NEW YORK, NY.- Denny Dimin Gallery
is co-presenting Altar-ed Bodies, a solo exhibition of paintings by Clarity Haynes with New Discretions (Benjamin Tischer of INVISIBLE-EXPORTS.)
An altar is a such a heavy thing, thick with intentions. It exists in every culture, sometimes simply, but more often rich with offerings. An altar holds a lingering connection with the divine feminine, often serving as a strategy for resistance and a space of empowerment outside of major patriarchal religions. It is a valuable tool.
According to author and folklorist Kay Turner, In the 1970s, artists involved in the radically revisionist spirit of the growing Feminist Art Movement defiantly elected to ignore the conventional distinction between fine art and womens domestic art. They discovered altar-making as part of a reinvigoration of the domestic sphere, reclaiming it as a determining frame for practices that inscribe womens creativity and subjectivity. She quotes art historian Arlene Raven, who explains that these artists came to underline the artistic nature of all forms of altar-making by women. The altar viewed as aesthetic model, performance genre, artistic object, and womens art the very acknowledgement of the existence of the altar begins to change our traditional white, male, Western-bound ideas concerning who the artist is, and how and to what purpose, she creates.
Raven also says, The altar, by definition of its form and use, is an artistic implement for getting and giving power. By acknowledging the legitimacy of the altar as a womans art form we further legitimize and encourage a feminist understanding of art: that for us the assembly of images is not mere representation but a potent means towards realization of a new culture which both criticizes patriarchy and transforms it.
Clarity Haynes is known for her long-standing explorations of the torso as a site for painted portraiture. Works in her Breast Portrait Project, always painted from life and usually monumental in scale, have focused on themes of healing, trauma, and self-determination. The new works continue this practice, but also reveal creative and colorful strategies her portrait subjects use for claiming, re-claiming, and altering the body. Surgeries, tattoos, scarification, piercings and hand-made jewelry adornments feature in these paintings. The exhibition debuts Haynes recent large-scale portrait of the pioneering bodycentric artist Genesis Breyer P-Orridge.
In addition to the torso portraits, Haynes premieres a new series of trompe loeil altars. While the bodies tell the intimate stories of other people, the altars are self-portraits of sorts, made up of mementos and power objects collected by the artist over decades. Art and inspiration are a theme. A photograph of an ancient Medusa sculpture and a painting of a dinner plate from Judy Chicagos The Dinner Party appear depicted in the same space. (The Dinner Party is arguably contemporary arts penultimate feminist altar.)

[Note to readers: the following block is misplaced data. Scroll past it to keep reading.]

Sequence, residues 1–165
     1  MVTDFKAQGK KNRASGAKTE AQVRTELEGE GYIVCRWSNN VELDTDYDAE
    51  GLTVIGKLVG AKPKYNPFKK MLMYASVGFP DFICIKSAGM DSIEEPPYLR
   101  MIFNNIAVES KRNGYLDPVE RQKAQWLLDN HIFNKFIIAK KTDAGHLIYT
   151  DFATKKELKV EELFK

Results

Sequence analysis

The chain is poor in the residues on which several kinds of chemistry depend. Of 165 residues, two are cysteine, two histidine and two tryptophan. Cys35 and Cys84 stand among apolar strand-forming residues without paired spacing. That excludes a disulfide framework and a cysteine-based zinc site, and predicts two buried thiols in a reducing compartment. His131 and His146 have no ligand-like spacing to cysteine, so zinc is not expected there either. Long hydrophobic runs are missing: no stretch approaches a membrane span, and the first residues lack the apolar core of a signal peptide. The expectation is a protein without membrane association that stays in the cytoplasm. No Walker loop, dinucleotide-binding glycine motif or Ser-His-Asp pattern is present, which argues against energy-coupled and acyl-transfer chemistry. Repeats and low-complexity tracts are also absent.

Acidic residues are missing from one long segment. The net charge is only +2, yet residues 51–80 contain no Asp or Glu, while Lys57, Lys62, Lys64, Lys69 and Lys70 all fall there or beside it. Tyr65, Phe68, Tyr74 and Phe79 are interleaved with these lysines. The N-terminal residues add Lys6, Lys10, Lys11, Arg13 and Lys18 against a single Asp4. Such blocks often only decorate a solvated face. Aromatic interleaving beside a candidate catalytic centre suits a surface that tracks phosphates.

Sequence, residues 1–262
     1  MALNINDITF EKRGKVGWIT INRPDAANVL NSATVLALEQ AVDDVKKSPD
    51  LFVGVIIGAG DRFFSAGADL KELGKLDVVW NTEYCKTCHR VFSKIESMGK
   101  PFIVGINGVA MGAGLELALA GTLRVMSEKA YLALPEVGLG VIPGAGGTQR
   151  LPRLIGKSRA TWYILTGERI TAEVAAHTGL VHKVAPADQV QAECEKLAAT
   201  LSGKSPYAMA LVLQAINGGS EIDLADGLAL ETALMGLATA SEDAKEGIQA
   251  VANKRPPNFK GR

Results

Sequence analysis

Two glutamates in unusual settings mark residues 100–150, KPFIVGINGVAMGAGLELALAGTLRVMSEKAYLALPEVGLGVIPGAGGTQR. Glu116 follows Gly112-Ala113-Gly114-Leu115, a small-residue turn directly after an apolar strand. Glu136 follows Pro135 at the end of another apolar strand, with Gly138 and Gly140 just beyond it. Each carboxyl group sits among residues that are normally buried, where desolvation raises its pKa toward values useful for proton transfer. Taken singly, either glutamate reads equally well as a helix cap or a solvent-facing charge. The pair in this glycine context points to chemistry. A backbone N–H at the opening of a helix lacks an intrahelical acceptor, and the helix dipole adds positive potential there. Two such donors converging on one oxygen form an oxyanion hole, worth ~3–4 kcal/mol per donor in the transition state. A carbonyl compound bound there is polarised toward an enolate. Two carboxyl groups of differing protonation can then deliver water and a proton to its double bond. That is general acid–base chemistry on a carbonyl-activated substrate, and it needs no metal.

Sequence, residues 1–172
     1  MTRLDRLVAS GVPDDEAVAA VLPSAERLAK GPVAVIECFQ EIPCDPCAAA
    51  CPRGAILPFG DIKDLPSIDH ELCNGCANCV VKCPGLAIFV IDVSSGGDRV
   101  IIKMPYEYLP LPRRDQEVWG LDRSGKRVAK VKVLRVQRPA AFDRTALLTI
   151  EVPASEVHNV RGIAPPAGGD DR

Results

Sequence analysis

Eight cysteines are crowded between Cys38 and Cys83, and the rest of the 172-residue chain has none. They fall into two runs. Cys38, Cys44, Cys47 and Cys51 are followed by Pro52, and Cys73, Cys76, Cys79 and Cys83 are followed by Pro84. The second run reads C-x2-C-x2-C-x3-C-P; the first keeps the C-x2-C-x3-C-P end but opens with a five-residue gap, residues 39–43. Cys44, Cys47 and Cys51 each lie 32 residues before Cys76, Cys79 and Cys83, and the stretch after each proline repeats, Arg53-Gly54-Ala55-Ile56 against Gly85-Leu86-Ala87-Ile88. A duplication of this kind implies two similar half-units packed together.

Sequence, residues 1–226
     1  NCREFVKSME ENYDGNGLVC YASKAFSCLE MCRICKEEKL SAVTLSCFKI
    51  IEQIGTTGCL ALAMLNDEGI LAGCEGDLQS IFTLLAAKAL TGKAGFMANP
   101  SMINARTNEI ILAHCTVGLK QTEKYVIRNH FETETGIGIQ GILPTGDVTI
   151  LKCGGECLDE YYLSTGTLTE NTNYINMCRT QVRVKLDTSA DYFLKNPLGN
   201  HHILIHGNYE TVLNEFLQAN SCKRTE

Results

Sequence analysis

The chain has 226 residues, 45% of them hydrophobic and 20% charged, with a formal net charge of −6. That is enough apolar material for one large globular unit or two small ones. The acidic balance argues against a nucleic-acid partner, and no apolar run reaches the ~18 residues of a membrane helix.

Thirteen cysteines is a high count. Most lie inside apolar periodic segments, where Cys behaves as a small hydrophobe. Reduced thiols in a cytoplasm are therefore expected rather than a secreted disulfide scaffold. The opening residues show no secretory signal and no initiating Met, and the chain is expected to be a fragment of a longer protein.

Feminist and queer craft practices are honored in this celebratory body of work. Bright colors, lively compositions and multiple narratives conjoin in the depictions of both bodies and altars, while realist techniques playfully gesture to the surface of the painting through the mimetic description of surfaces shown.
Clarity Haynes (b. McAllen, TX, 1971) lives and works in Brooklyn, NY and Bearsville, NY. She holds an MFA from Brooklyn College and a CFA from the Pennsylvania Academy of the Fine Arts. Her work has been widely exhibited, including at INVISIBLE-EXPORTS, Brandeis Universitys Kniznick Gallery, the Kemper Museum of Contemporary Art in Kansas City, the Ackland Art Museum in Chapel Hill, and the Smithsonians National Portrait Gallery in Washington, DC. She is the recipient of a New York Foundation for the Arts Fellowship in Painting, a Pollock-Krasner Award, a Community Arts Regrant Award from the Brooklyn Arts Council and the New York City Department of Cultural Affairs, and residency fellowships from the MacDowell Colony and the Corporation of Yaddo. Her work has been discussed in Art in America, Hyperallergic, The Washington Post, The Huffington Post, Juxtapoz Magazine and Beautiful/Decay Magazine, amongst others, and can be found in the permanent collections of the Pennsylvania Academy of Fine Arts; the Leslie Lohman Museum; the Marjorie Barrick Museum of Art; Wilson College; the Rena Rowan Breast Center of the University of Pennsylvania Hospital; and the Brooklyn Museum Feminist Art Base.
She has also written extensively about art, for publications including ArtNews, Hyperallergic, and the Brooklyn Rail.
New Discretions is a nomadic curatorial and art advisory project by Benjamin Tischer of INVISIBLEEXPORTS.